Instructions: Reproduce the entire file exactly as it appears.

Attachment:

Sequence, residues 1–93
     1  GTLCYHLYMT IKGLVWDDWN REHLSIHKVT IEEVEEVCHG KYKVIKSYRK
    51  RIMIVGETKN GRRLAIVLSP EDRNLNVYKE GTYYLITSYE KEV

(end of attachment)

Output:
Sequence, residues 1–93
     1  GTLCYHLYMT IKGLVWDDWN REHLSIHKVT IEEVEEVCHG KYKVIKSYRK
    51  RIMIVGETKN GRRLAIVLSP EDRNLNVYKE GTYYLITSYE KEV